Like you, I didn't win the $587.5 million Powerball, though, as a pragmatic woman who's been knocked around by life, I would've readily settled for a fraction of the jackpot. The loss didn't stop me from planning how I would distribute the windfall, however.
Over coffee, at the gym and on the phone, my friends and I not only spent money we would never get, but we also debated if we would continue on the 9-to-5 or tell our shocked bosses, 'Take this job and shove it.'
It's my way of carving out time for both the work I love to do and the people I love -- the age-old balancing act that seems to defy a permanent one-size-fits-all solution.
Most of us working stiffs believe that if we had more money, a couple extra K's a month, say, life would be easier. Maybe. Certainly there's a list of things I'd invest in if the cash came my way.
But at what price? What would I be willing to give up for that extra moolah? Money has to be earned, one way or another, and often at the expense of doing something more enjoyable. Which reminds me of that bumper sticker I see around Miami all the time: A bad day of fishing is better than a good day at the office. Might be true, but let's keep in mind that you usually need the paycheck to do the fishing.
Right around the time the rest of us realized we were among the unlucky millions who hadn't purchased one of the two winning Powerball tickets, a study of 2,000 Americans by New York Life revealed a not-so-well-kept secret about how we want to spend our time. Though seven out of 10 Americans claim they'd be happier if they had more money, few are willing to exchange that for time with family. Even the promise of a 50 percent pay increase isn't enough of a reward for most Americans to give up time with their loved ones.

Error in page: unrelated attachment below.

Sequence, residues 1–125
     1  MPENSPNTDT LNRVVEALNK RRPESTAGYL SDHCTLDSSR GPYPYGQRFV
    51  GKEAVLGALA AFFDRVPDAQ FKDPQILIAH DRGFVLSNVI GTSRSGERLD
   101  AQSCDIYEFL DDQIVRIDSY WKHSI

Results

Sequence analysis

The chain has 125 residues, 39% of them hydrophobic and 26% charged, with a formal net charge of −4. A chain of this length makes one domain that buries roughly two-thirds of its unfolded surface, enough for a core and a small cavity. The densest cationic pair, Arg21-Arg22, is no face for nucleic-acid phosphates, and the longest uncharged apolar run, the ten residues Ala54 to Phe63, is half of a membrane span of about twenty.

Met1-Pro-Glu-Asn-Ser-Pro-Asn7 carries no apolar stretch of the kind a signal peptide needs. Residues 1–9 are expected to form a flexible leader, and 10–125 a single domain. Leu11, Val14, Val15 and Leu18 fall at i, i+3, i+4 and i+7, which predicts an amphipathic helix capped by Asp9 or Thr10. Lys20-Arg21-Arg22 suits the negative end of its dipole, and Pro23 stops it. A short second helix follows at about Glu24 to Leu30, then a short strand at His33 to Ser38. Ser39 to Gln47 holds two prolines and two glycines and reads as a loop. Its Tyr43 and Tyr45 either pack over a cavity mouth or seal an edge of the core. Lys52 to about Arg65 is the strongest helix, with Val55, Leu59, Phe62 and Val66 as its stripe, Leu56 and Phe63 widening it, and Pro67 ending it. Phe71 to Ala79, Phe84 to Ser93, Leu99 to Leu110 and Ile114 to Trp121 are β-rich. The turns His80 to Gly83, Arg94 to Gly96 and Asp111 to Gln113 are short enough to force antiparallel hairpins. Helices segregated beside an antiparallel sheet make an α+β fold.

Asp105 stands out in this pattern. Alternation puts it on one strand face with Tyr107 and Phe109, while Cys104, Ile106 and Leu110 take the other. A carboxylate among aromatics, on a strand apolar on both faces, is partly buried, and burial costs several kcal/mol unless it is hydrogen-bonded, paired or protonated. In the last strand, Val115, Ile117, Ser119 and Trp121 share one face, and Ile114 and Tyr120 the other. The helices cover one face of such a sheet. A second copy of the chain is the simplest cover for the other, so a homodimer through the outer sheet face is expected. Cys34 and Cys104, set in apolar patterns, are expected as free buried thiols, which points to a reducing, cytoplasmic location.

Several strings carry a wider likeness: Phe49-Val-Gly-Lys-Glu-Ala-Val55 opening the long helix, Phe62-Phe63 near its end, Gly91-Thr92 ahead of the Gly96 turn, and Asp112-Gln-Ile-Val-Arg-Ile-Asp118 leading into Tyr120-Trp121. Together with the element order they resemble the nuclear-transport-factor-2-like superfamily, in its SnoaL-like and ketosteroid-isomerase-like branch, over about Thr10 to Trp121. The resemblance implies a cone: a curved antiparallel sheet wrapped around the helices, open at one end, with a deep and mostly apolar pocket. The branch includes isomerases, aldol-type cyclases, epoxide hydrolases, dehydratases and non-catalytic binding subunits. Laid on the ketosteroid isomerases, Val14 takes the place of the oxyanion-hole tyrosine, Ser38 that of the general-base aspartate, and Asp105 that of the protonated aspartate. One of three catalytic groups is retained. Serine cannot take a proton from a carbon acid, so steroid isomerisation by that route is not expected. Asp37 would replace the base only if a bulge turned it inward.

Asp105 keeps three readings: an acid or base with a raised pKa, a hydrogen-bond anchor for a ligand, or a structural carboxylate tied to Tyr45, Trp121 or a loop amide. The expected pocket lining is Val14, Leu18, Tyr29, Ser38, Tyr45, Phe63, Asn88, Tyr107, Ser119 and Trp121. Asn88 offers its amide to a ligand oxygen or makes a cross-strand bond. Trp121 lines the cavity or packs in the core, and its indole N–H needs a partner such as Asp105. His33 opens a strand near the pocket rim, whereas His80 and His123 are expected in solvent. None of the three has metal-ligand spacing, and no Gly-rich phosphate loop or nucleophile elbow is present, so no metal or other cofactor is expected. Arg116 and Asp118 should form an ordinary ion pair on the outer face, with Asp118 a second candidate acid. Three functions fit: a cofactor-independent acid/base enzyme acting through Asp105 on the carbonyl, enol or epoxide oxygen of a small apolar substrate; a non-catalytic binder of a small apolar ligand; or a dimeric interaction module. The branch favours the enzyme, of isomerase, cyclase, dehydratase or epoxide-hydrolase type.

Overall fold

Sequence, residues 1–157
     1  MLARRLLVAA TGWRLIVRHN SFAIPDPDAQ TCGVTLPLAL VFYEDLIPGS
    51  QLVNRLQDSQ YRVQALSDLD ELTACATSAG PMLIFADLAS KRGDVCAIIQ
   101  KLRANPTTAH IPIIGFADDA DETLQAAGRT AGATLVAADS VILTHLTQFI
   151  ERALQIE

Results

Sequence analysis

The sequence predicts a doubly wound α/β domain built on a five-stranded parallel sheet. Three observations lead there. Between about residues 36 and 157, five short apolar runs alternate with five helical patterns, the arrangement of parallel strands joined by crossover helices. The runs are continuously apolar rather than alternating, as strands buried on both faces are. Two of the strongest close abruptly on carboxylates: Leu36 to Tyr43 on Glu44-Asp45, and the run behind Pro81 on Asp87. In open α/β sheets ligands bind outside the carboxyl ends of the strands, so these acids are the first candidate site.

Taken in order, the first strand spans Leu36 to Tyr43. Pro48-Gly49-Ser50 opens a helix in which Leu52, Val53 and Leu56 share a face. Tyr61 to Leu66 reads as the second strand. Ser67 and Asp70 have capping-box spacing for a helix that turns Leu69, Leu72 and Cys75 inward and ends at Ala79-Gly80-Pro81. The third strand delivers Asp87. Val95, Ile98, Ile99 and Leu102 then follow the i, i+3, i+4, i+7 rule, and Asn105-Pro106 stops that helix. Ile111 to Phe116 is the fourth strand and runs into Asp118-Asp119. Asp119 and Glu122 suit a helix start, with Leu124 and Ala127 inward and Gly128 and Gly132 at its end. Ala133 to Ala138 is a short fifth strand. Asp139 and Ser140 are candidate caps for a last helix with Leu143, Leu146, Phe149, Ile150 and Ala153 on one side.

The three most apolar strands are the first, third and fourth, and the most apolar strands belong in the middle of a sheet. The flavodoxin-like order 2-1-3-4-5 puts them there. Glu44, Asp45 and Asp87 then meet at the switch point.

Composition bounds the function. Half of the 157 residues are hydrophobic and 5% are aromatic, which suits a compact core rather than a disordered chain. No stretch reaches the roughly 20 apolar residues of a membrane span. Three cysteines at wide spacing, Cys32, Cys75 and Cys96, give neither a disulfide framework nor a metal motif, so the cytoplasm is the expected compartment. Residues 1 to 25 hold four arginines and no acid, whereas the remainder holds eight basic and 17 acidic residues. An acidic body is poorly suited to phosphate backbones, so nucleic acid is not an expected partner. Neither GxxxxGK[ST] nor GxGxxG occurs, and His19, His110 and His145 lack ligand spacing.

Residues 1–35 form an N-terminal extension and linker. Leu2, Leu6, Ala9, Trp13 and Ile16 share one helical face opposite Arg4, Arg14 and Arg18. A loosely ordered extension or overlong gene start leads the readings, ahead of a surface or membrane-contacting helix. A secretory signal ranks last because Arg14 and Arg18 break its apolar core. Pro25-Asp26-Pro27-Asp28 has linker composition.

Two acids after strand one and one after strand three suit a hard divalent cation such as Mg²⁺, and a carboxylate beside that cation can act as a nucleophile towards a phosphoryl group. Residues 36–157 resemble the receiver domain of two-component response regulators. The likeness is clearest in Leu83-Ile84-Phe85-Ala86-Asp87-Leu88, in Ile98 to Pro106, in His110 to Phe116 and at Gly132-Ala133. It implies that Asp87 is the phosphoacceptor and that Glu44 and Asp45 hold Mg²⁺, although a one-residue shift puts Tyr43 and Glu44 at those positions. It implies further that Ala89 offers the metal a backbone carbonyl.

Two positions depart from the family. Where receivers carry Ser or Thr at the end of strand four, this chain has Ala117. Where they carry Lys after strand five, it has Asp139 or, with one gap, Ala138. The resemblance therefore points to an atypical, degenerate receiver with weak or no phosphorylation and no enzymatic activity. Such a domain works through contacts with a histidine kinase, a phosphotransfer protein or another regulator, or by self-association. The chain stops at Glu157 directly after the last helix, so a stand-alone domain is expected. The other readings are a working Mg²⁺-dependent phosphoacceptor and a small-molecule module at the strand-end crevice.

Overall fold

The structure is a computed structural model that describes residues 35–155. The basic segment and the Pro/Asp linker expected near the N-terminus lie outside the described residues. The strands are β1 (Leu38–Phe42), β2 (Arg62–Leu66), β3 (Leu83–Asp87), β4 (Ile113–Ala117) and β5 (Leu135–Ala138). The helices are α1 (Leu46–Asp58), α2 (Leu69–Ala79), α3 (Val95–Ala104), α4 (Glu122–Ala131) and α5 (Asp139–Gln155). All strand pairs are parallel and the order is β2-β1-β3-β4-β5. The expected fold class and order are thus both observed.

In a consumption-crazy society, where status is measured by what you own and respect is awarded according to the make of your car and the size of your home, this is heartwarming news. It restores my faith that we haven't lost our way, no matter how many ridiculous ads insist I'll feel better, look sexier and be happier if I just buy-buy-buy.
As I grow older, time -- time to do what I want with whom I want -- has become much more important to me than money, vastly so, in fact. It's a recognition, I suppose, that time has become a finite and valuable asset with every turn of the calendar page. Yet, that realization isn't just a function of aging.
More and more, I see my grown children and their friends weighing the career choices they make with the sacrifices these will exact. Some have declined promotions, rebuffed offers from bigger firms or turned down transfers that might guarantee them a more luxurious lifestyle. Like those in the survey, they prefer time with family over money. In my ledger, that concept is worth a fortune -- or at least the closest approximation to winning the lottery.
(Ana Veciana-Suarez is a family columnist for The Miami Herald. Write to her at The Miami Herald, One Herald Plaza, Miami, FL 33132, or send e-mail to aveciana(at)herald.com.)